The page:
The problem with the definition of a "city" is that there isn't really one which fits at law. Traditionally a city in Common Law is one which was established by Royal Charter; the problem with this is that in Australia, no such settlement exists.
In NSW the definition of a "city" accoding to the Local Government Act is one of at least 10,000 people and has applied to be called a city. Thus the City of Blue Mountains is properly a city and since both Georgie Ford and Tim Hiatt have already taken photographs within it, then it is perfectly reasonable that I should too.
These photographs are taken in and around the Carrington Hotel in Katoomba, the City of Blue Mountain's seat of power.
Opened in 1882 as The Great Western Hotel, it was renamed the Carrington in 1886 and traded until 1985 when it was closed and fell derelict until 1991 when it was purchased and then restored and reopened in 1998.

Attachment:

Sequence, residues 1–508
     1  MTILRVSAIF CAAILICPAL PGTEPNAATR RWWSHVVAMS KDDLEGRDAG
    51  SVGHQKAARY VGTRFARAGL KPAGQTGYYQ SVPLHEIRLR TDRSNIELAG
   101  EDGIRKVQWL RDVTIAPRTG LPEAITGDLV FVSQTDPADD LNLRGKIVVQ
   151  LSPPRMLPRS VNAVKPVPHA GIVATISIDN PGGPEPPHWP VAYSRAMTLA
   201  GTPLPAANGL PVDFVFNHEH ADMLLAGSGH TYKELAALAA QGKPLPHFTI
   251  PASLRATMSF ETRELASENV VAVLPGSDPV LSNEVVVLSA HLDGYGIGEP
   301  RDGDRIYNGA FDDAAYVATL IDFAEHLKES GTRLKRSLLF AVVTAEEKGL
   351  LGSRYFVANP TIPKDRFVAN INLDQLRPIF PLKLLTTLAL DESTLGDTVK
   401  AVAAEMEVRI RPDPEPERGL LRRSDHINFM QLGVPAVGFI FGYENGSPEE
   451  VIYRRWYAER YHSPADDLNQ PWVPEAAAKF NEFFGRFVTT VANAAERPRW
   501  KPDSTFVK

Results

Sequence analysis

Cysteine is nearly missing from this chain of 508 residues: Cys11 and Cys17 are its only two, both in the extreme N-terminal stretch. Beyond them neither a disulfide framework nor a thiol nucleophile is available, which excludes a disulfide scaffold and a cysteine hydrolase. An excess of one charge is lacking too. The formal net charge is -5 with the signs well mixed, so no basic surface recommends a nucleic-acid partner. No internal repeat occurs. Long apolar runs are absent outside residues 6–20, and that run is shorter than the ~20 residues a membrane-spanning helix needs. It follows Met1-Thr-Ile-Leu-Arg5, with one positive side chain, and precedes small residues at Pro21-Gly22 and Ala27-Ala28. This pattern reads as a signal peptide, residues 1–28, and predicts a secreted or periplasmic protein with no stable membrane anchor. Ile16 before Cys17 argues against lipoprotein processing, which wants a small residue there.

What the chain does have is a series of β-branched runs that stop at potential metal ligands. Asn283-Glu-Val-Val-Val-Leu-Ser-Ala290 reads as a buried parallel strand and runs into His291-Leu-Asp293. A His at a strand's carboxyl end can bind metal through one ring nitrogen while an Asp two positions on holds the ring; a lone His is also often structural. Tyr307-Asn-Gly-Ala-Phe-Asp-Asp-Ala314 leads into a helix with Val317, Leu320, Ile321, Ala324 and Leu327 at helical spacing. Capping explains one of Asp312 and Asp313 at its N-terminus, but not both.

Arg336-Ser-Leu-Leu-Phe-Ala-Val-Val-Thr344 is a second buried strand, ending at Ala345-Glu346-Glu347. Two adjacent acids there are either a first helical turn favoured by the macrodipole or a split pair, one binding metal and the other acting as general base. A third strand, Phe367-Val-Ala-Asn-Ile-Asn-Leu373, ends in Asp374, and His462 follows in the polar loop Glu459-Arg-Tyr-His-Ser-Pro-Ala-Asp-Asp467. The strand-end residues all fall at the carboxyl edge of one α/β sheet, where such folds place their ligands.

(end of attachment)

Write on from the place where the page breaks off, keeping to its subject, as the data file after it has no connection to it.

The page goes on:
"Whoa. You smell bad"
Inside the building shows itself off as an example of late-Victorian architecture with a cupola in Champagne Charlie's bar which I think equally rivals that of the Queen Victoria Building (also built in the 1880s).
Inside, the tones of the decor reflect something a little later; perhaps evoking the decadence of the 1920s. I wonder just what sort of wild parties would have been held in the ballrooms before the stock market crash in 1929.
I can very much imagine someone like Poirot, Miss Marple or Miss Fisher roaming the hallways; searching for clues which might lead to solving who the murderer was, before all meeting in the lounge and pointing fingers; in fact I'm very much surprised that no-one has decided to use the
Carrington Hotel as a setting for a murder mystery.